18. Lunching products or expanding too fast

It's not uncommon for startup leaders to make the mistake of launching unfinished products or growing their startups too fast. Try launching a startup in one country and then expanding it into other countries once your startup becomes profitable. Once you have expanded your startup into at least five to ten markets, you can begin thinking about going global by starting a new branch in another country.

19. Focusing too much on fancy tools instead core business

Every time you start a company, you will be attacked by other B2B providers offering you hundreds of business software, services, training courses, etc. Instead of following "the trends", you should focus the budget and attention on the product and go-to-market strategy (e.g. sales, marketing). Every startup owner should know the lean methodology, especially in the first years of activity.

20. Underestimating the general hardship of running a small business

The biggest mistake startup owners make is underestimating the demands of the business. Documentaries and blogs about startups are making people think optimistically; this is because the information available does not highlight the hardships of starting a business, but it glorifies the end, which is a thriving business. Because of this, people think that a startup is easy and fun when in reality, it is quite the opposite. Startups take most of your time and money. It can even ruin your family and health too. These are the risks to consider before rushing into the startup metaverse.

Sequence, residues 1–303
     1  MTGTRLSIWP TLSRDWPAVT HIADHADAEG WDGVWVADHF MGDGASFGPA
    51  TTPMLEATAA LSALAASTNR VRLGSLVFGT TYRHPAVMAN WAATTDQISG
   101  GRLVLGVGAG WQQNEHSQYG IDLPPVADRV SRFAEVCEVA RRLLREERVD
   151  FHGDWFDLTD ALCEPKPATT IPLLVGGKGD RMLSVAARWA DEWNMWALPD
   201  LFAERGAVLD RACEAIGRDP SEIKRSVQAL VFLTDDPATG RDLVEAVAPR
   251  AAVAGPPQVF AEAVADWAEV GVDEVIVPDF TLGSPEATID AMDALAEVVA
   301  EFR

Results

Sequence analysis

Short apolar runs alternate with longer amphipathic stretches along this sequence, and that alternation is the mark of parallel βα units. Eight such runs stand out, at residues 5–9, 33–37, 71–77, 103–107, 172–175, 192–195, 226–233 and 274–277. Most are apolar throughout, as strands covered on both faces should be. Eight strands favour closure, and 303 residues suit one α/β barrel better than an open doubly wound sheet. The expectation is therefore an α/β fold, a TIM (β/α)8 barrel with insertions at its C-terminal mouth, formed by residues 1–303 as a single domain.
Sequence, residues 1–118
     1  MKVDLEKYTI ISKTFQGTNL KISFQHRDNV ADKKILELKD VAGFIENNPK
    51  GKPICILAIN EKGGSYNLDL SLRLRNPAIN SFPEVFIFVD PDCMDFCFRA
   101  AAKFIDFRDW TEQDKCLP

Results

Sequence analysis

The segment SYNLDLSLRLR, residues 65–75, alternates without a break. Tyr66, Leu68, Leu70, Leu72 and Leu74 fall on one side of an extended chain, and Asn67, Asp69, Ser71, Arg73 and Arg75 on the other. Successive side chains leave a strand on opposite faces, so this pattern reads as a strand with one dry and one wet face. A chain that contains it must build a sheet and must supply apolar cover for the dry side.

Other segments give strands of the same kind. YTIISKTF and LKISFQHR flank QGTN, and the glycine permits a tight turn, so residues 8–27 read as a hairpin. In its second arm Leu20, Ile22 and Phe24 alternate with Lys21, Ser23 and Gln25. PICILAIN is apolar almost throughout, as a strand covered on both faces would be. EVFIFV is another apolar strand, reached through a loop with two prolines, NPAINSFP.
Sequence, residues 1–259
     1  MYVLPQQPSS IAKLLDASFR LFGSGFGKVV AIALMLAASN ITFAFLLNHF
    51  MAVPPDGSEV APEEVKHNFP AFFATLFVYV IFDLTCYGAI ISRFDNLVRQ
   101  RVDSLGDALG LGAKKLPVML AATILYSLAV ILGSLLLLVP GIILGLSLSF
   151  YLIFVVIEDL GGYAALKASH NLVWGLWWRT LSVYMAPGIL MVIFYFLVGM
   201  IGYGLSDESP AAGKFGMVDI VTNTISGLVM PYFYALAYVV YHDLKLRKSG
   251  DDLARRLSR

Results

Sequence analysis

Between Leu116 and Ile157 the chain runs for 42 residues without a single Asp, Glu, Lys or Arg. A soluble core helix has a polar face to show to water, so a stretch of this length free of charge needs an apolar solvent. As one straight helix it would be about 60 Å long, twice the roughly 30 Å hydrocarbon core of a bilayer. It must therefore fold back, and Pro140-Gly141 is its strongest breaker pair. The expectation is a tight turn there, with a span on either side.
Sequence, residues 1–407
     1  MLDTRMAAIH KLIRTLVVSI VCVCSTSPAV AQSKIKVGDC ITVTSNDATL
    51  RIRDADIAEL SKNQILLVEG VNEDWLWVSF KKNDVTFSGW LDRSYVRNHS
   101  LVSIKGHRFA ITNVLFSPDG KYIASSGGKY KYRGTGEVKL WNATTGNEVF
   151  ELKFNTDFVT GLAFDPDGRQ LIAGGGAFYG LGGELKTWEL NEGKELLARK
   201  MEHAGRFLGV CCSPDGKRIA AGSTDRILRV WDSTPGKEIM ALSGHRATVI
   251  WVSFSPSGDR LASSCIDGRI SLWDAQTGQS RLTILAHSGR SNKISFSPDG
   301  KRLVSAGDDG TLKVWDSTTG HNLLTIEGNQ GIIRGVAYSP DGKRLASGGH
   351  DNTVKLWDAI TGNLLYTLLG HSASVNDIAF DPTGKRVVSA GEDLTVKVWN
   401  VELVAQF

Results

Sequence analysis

The bottom line

Tech startups that succeed are built by a single individual - surround yourself with subject-matter experts and mentors who can help you learn from them. Although there are numerous startup blunders you want to avoid while developing your firm, inevitable mistakes are unavoidable, so be prepared for them.

Don't be scared of failure; instead, learn from your failures and adapt your company model as needed. Experiment with new concepts and get feedback so you can improve your product to better satisfy consumer demands. The most successful businesses are built on failures.

Ready to start your project?

We hope that this article has helped you understand the major challenges regarding owning and running a typical software startup. It isn't easy - but if you manage to succeed, the reward will be enormous in comparison to the risk.

At Pragmatic Coders, we specialise in helping startup projects in the whole journey - from ideation to the scaling phase. Here is the typical journey we conduct with our clients:

Our comprehensive Team includes not only software developers and project managers - but also business consultants and product designers that can change the whole game. All you have to do is to have your own product idea - we will take care of the rest.

 

Article author

Grzegorz Podlewski

Growth Marketing Manager

Seasoned Marketing Consultant with strong orientation on disruptive technologies and products (SaaS, Blockchain, eCommerce). Professional skills areas contain business, strategy, growth hacking, digital advertising, social platforms advertising, content development, analytical systems & partnership marketing.